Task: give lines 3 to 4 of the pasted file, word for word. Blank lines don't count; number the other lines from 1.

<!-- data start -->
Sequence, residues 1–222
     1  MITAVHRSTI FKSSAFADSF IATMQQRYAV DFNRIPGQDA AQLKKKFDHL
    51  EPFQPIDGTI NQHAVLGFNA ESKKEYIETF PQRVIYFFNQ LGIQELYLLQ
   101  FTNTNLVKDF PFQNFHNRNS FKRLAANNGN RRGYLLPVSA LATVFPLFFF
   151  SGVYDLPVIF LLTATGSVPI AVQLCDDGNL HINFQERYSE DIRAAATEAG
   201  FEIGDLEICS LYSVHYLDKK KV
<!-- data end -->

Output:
    51  EPFQPIDGTI NQHAVLGFNA ESKKEYIETF PQRVIYFFNQ LGIQELYLLQ
   101  FTNTNLVKDF PFQNFHNRNS FKRLAANNGN RRGYLLPVSA LATVFPLFFF